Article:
• Streamline business processes, forms, and reporting activities. Complicated business processes and forms can increase the effort required for both direct-service staff and participants. Federal law requires reporting various activities, but state and local governments often layer on even more reporting requirements, increasing the burden on staff and participants to document their activities. Simplifying these requirements using behavioral science techniques would free up time and energy for staff and participants to engage with one another more meaningfully and more frequently to build participants’ self-regulation skills.

Strengthen Core Life Skills

  • Adopt a habit-forming process to work towards goals, informed by behavioral science, to build self-regulation skills. A goal-achievement process is a deliberate effort to realize an outcome that would not otherwise occur. Infusing goal-achievement strategies throughout the TANF service-delivery process can help create habit-forming routines.
  • Incorporate skills-building activities during any frequent, regular interactions between program staff and participants as well as during peer-to-peer exchanges. Some TANF activities take place in groups, particularly among TANF programs that serve large populations. Skills-building activities can be incorporated into program orientation, job-search assistance workshops, and peer-to-peer support groups.

Support Responsive Relationships

  • Create more meaningful exchanges between program staff and participants by emphasizing meaningful goals and addressing the barriers that are specific to each goal. A goal-directed approach allows staff to connect with participants about their future, rather than their past. An emphasis on goal achievement reduces the upfront emphasis on assessing all the participant’s barriers to employment. Instead, the focus is on identifying a potential barrier in relation to a well-defined goal and what might get in the way of achieving that goal.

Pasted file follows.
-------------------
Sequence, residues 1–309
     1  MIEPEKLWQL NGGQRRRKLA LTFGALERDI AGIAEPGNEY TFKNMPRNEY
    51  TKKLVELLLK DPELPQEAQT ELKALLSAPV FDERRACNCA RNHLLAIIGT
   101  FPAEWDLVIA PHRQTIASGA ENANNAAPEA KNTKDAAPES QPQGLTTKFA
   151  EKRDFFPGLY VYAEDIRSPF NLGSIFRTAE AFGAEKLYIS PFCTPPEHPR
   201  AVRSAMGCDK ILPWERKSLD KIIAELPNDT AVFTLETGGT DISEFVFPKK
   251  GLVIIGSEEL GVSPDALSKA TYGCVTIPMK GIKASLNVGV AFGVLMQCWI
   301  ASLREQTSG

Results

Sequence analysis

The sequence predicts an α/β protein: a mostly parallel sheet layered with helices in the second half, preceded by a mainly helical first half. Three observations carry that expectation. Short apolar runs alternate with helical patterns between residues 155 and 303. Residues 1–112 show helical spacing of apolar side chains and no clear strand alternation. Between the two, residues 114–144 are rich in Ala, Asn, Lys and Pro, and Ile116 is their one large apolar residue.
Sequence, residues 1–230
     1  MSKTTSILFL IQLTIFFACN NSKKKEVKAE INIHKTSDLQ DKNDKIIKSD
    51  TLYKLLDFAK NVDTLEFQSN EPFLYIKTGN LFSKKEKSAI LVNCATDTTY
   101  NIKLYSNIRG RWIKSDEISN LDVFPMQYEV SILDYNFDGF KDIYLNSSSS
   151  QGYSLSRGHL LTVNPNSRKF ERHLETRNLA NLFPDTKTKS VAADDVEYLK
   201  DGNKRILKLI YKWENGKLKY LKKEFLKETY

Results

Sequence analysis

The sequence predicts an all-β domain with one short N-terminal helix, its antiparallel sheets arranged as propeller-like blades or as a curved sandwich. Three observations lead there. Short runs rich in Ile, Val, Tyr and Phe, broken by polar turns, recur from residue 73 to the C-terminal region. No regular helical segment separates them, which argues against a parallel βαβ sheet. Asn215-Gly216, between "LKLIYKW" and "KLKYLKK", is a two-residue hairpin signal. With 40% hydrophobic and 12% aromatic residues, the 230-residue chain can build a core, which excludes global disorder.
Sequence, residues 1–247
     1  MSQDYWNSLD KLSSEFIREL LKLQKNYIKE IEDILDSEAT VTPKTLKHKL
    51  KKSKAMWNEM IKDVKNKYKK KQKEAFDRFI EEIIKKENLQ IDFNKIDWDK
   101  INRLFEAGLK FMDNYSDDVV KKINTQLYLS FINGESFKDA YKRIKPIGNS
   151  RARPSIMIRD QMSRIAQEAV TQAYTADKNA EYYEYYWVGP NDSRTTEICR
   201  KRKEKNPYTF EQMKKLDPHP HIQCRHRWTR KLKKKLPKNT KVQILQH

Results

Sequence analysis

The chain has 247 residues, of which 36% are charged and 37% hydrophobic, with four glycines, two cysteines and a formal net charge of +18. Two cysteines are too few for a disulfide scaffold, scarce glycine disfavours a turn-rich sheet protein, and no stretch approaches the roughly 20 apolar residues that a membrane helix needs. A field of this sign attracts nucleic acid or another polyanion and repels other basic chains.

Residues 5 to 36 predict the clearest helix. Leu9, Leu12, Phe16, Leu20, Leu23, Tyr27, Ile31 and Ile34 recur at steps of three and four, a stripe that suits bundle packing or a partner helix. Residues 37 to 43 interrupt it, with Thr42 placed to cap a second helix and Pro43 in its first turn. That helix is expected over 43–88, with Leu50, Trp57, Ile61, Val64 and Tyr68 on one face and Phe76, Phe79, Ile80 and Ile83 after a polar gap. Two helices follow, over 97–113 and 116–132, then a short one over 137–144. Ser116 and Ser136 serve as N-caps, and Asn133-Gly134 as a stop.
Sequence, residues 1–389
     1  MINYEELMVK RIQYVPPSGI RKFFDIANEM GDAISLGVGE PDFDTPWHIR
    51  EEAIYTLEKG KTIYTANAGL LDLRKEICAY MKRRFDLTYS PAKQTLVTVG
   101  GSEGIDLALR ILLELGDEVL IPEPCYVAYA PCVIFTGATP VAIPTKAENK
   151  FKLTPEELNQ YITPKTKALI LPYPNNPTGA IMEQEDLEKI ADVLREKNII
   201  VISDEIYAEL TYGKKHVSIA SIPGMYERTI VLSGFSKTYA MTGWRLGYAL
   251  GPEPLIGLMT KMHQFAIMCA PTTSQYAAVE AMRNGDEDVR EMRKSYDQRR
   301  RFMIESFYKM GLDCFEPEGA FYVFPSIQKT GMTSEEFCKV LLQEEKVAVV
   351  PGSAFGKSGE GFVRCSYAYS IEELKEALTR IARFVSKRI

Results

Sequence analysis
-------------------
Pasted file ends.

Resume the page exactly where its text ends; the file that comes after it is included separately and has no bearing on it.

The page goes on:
• Have more frequent and targeted interactions with participants. Often, due to high caseloads, participants meet infrequently with program staff; there might be one to three months between meetings. But to help a participant build skills and pursue goals, program staff must have more frequent interactions to provide constructive accountability and meaningful planning sessions.


This brief is informed by research conducted under the Goal-Oriented Adult Learning for Self-Sufficiency (GOALS) project, funded by the Office of Planning, Research, and Evaluation (OPRE) at the U.S. Department of Health and Human Services, Administration for Children and Families (ACF). Activities that informed this brief include: (1) a synthesis of the literature on the relationship between self-regulation, goal attainment, and the environment and on how programs have been or could be adapted to promote goal attainment; (2) exploratory site visits to programs implementing interventions to improve participants’ self-regulation and goal achievement; and (3) assessment of the implementation experiences of several goal-oriented pilot interventions.


Michelle Derr, Jonathan McCay, Ann Person, Mary Anne Anderson (2018). Using the Science about Self-Regulation to Improve Economic outcomes for TANF Families, OPRE Report #2018-88, Washington, DC: Office of Planning, Research and Evaluation, Administration for Children and Families, U.S. Department of Health and Human Services.


The ability to control actions, thoughts, and emotions (Murray et al. 2015)
Last Reviewed: December 12, 2018